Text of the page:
The mobile revolution starts now?

In spite of the recent hype surrounding the iPhone and Gphone, I have serious doubts that mobile phones will become the primary access point to the web anytime soon. According to a recent study by the Pew & American Life Project, 58% of adult Americans have used a mobile phone or PDA for what they call “non-voice data activities” such as texting, emailing, taking a picture, looking up map directions or recording a video. Other than clumsily orchestrating the occasional text message, I fall squarely on the short end of such technophilia when it comes to using mobile phones. In short: I use it to stay in touch with family and friends and won’t bat an eyelash about ever leaving my cell at home when I go out. I never have used my mobile to access the web, and here’s the kicker- I wouldn’t even know how to

But this post is intended to be less of a confessional than an exploration of the question: When and how will the so-called “mobile revolution” take shape, particularly in the context of the developing world? Christian Kreutz recently addressed this question in his blog, focusing on mobile use in the collaborative web of wikis, blogs, RSS feeds, etc., citing the argument that the mobile phone already is more useful in developing countries than the personal computer for accessing the web. This argument seems well justified by the fact that there are now more than 3 billion mobile phones in use worldwide and the fastest growing markets for mobile subscribers are found in the developing world. But Kreutz also wonders “why so little has been developed in order to interact and collaborate via the mobile phone in the social web.”

Kreutz’s concerns are well justified. At development conferences, one commonly hears about the impending mobile revolution for sharing web-based information and how such technologies will allow poor people in developing countries to “leapfrog” many of the communication barriers experienced in the North. Yet aside from the occasional story of people in rural Africa receiving RSS feeds or reporting on election results from their mobile phones, I suspect that the vast majority of citizens of the developing world will suffer from the same lack of knowledge about how to get the information they’re looking for delivered to their mobile phones (the “pull”) as many here in the developing world still do. And getting them to “push” information from their mobile phones to the collaborative web may lie even further off on the horizon.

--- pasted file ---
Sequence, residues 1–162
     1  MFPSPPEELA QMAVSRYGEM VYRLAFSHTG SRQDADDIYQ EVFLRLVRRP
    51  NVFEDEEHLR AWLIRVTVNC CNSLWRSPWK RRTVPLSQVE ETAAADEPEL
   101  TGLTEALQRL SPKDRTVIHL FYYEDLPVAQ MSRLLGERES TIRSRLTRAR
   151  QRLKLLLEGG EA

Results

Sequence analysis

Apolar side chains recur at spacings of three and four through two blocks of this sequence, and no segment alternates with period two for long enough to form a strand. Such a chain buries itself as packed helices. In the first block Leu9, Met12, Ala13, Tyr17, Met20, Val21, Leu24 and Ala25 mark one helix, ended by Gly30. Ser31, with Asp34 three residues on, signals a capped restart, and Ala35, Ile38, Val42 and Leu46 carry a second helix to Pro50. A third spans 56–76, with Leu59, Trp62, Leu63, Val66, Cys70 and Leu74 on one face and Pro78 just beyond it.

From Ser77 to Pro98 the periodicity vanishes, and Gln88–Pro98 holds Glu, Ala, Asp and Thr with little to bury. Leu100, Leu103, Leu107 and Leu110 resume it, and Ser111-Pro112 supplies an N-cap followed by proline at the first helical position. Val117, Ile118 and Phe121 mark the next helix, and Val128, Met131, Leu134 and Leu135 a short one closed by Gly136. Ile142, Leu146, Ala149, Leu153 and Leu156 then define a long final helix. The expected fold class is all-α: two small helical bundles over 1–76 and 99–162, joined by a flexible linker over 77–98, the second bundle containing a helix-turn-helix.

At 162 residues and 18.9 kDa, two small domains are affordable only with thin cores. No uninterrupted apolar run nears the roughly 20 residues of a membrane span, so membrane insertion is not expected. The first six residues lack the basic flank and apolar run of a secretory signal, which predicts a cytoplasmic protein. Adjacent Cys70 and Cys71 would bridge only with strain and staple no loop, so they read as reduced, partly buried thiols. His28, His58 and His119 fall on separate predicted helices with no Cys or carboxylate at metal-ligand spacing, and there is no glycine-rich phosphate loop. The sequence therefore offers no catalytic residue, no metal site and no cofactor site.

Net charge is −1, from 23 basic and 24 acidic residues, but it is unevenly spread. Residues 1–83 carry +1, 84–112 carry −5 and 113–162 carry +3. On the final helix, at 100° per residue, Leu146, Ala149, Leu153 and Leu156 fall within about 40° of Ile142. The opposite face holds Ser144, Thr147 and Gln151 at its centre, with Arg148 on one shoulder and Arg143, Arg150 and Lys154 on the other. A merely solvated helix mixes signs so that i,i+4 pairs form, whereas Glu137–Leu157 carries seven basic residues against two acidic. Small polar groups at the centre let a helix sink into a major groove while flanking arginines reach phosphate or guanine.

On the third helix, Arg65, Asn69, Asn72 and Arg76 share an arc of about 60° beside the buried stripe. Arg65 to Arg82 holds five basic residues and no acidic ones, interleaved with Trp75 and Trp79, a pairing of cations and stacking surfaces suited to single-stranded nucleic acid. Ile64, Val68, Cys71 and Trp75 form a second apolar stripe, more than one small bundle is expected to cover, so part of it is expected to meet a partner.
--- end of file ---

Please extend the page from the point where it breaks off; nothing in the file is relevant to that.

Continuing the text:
In sum: having the proper tool is no guarantee that information will be widely exchanged among citizens of the developed and developing world. Now that new tools offer the possibility of more and more citizens of the developing world to receive timely information that they can use toward bettering their life conditions (e.g., market prices, drought and flood warnings, educational content, etc.), it is up to the development communities to work with these partners to make sure that they know where to find it and how to take ownership of it themselves.


One Response

  1. […] #comments wrote an interesting post today onHere’s a quick excerptIn spite of the recent hype surrounding the iPhone and Gphone, I have serious doubts that mobile phones will become the primary access point to the […]

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